My first remembered thought as a child was: How do I get the hell out of this city? The map that made me crisscrossed above Brooklyn’s gray streets—Coney Island, Brighton Beach, BedStuy— then dipped into downtown Brooklyn’s bowels. Crushed against more than 8 million daily commuters, several hundred street performers, and the thousands of homeless who used my subway map for toilet paper, I prayed. We’d emerge briefly, sunlight flashing between steel cables as we crossed the Manhattan Bridge. In that short space spirits lifted then fell as we descended into the underbelly of Canal Street through mid Manhattan. I prayed, but found no exits.
Recurring dreams had me stuck in those tunnels waiting for the B train, F train, IRT locals and shuttles. I’d wander into packed cars, empty cars, derailed cars that careened through blackness, spitting me out at unmarked stations where I’d climb stairs with those (you know) heavy-laden, dream-legs only to be chased by gun-totting mobs, wild dogs, and in one dream a demented clown danced seductively along the third rail as I struggled to wake— heart pounding and sweat drenched—to a life as frightful as the dreams. My God, how I prayed.
It was on the N Train, at 19 years old, that I met my first and only love. James. His smile lit up the dark places and belied his living nightmares as we raced underground. Infatuation grew to love and love always brings hope. I thanked God. But too soon, hope and love and tragedy collided as often happens in my part of town and I joined the parade of women visiting their men: girlfriends, wives, grandmothers who learn to navigate the public transit system leading to Riker’s Island, Sing Sing, Attica. In essence squeezing me into the small, stifling space the larger maps insisted were destined for me.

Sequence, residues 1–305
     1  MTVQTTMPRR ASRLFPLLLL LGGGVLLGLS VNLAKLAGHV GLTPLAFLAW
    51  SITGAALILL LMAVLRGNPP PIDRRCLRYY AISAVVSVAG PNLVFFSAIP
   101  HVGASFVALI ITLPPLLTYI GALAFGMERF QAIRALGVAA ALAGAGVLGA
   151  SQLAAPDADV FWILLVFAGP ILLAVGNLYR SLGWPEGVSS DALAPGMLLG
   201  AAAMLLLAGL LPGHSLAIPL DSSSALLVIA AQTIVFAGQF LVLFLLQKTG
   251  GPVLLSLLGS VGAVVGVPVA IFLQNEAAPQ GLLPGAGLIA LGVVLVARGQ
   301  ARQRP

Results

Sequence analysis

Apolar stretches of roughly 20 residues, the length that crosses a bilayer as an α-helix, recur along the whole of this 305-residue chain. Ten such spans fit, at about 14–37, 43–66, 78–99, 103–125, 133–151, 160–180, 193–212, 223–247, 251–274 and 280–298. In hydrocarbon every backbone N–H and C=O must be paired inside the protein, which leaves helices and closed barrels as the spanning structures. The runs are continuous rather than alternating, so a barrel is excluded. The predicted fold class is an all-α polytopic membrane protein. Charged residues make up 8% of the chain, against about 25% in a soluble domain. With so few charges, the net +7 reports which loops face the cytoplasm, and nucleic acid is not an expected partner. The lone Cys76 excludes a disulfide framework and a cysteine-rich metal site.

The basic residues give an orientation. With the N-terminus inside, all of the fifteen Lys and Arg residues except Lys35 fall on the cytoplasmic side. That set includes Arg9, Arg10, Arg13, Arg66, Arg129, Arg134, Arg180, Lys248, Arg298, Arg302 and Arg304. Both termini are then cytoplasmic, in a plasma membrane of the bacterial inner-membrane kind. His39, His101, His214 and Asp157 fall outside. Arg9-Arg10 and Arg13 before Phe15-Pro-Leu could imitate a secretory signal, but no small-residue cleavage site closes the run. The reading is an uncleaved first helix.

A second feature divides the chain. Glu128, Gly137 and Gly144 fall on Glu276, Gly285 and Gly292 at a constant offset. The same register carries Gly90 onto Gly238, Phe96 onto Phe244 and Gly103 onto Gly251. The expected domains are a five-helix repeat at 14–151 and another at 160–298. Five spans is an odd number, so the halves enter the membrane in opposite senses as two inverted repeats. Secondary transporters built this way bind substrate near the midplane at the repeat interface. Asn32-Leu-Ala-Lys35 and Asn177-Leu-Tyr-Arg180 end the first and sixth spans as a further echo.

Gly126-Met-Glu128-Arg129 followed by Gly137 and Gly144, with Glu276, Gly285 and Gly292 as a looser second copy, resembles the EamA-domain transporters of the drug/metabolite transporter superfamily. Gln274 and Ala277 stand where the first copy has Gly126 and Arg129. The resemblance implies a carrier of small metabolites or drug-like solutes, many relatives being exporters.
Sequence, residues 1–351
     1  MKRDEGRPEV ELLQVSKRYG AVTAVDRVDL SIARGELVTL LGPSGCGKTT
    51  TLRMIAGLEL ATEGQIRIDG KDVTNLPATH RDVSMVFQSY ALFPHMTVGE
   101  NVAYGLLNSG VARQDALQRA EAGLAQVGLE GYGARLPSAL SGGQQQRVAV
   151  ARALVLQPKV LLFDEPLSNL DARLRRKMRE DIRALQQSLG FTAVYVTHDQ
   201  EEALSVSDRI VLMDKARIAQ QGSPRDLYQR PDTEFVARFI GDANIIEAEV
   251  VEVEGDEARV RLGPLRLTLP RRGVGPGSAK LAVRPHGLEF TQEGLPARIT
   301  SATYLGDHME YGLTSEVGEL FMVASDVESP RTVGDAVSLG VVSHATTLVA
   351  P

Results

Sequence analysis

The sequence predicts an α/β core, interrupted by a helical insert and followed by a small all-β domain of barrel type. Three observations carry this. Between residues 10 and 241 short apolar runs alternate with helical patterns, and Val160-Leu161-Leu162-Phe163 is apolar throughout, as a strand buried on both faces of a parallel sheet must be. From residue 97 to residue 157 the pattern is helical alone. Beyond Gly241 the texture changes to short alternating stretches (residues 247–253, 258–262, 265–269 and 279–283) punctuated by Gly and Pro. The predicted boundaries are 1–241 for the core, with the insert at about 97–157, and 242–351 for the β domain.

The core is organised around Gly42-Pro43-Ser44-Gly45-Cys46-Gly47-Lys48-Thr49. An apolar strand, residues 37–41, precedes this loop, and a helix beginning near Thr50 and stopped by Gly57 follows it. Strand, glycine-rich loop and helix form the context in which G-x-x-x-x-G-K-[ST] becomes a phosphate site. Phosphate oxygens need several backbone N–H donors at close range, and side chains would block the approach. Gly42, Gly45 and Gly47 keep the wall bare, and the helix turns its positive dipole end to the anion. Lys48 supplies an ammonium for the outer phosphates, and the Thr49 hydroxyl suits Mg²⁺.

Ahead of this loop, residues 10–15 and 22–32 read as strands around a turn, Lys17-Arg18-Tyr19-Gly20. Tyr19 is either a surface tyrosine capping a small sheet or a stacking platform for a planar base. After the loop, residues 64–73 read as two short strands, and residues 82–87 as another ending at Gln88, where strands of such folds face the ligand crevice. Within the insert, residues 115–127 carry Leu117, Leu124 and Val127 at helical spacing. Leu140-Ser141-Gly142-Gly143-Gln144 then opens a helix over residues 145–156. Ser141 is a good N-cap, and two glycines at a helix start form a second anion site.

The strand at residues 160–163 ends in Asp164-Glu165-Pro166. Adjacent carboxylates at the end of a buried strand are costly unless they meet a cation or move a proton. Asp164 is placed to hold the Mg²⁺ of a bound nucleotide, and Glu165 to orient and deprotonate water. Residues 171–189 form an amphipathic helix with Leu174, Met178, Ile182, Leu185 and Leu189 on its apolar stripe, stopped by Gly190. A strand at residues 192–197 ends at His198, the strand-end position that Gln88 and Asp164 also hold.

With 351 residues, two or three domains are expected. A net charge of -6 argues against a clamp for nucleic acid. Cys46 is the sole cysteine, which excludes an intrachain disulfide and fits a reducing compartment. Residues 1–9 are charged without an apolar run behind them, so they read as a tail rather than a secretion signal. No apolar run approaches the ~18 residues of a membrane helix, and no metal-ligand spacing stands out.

Still young, I eventually chose to brave those larger maps, crossing state lines, economic, racial, and cultural divides to prove I could, even though so unsure of my destination. I prayed, but nothing could have prepared me for the losses that awaited me. I fell apart, came together, fell apart—losing James to a self-inflicted gunshot to the heart, so many on 9/11, my mother to cancer. My greatest fear is that I have lived too long.
Years, and years more, and I’m still in awe of majestic trails and breathtaking vistas even as I navigate the potholes, detours, roads under construction, with absolutely no proven short cuts.
So don’t be surprised if you find me on the side of the road, on the outskirts of some place or the other studying the crumpled, stained map confused by the keys and legends, seeking and asking for directions. Simply acknowledge that I am here, weary from wandering so long, but still here in this spot on the map.
Reading March 16, 2013 Barrie Jean Borich’s Book Launch for Body Geographic